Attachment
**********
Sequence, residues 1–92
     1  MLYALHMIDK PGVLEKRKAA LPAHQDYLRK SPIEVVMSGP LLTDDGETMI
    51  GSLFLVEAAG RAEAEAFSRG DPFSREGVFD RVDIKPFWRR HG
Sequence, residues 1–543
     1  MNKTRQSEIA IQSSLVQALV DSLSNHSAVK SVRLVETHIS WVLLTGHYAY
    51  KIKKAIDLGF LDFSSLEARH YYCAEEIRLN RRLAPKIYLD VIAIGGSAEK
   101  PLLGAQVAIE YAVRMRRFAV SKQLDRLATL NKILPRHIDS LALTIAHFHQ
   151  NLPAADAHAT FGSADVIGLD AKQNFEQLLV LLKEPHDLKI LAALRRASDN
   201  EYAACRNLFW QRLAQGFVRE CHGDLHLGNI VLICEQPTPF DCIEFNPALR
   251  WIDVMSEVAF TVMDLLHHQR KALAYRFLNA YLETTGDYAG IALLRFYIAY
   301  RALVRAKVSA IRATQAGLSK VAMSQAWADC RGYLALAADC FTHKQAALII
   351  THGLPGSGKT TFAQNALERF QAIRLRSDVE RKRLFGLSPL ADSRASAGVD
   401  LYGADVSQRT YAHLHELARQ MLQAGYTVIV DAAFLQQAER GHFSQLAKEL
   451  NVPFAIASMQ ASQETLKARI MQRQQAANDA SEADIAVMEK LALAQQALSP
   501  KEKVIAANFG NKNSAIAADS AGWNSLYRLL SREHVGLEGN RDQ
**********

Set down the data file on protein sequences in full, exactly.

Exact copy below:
Sequence, residues 1–92
     1  MLYALHMIDK PGVLEKRKAA LPAHQDYLRK SPIEVVMSGP LLTDDGETMI
    51  GSLFLVEAAG RAEAEAFSRG DPFSREGVFD RVDIKPFWRR HG
Sequence, residues 1–543
     1  MNKTRQSEIA IQSSLVQALV DSLSNHSAVK SVRLVETHIS WVLLTGHYAY
    51  KIKKAIDLGF LDFSSLEARH YYCAEEIRLN RRLAPKIYLD VIAIGGSAEK
   101  PLLGAQVAIE YAVRMRRFAV SKQLDRLATL NKILPRHIDS LALTIAHFHQ
   151  NLPAADAHAT FGSADVIGLD AKQNFEQLLV LLKEPHDLKI LAALRRASDN
   201  EYAACRNLFW QRLAQGFVRE CHGDLHLGNI VLICEQPTPF DCIEFNPALR
   251  WIDVMSEVAF TVMDLLHHQR KALAYRFLNA YLETTGDYAG IALLRFYIAY
   301  RALVRAKVSA IRATQAGLSK VAMSQAWADC RGYLALAADC FTHKQAALII
   351  THGLPGSGKT TFAQNALERF QAIRLRSDVE RKRLFGLSPL ADSRASAGVD
   401  LYGADVSQRT YAHLHELARQ MLQAGYTVIV DAAFLQQAER GHFSQLAKEL
   451  NVPFAIASMQ ASQETLKARI MQRQQAANDA SEADIAVMEK LALAQQALSP
   501  KEKVIAANFG NKNSAIAADS AGWNSLYRLL SREHVGLEGN RDQ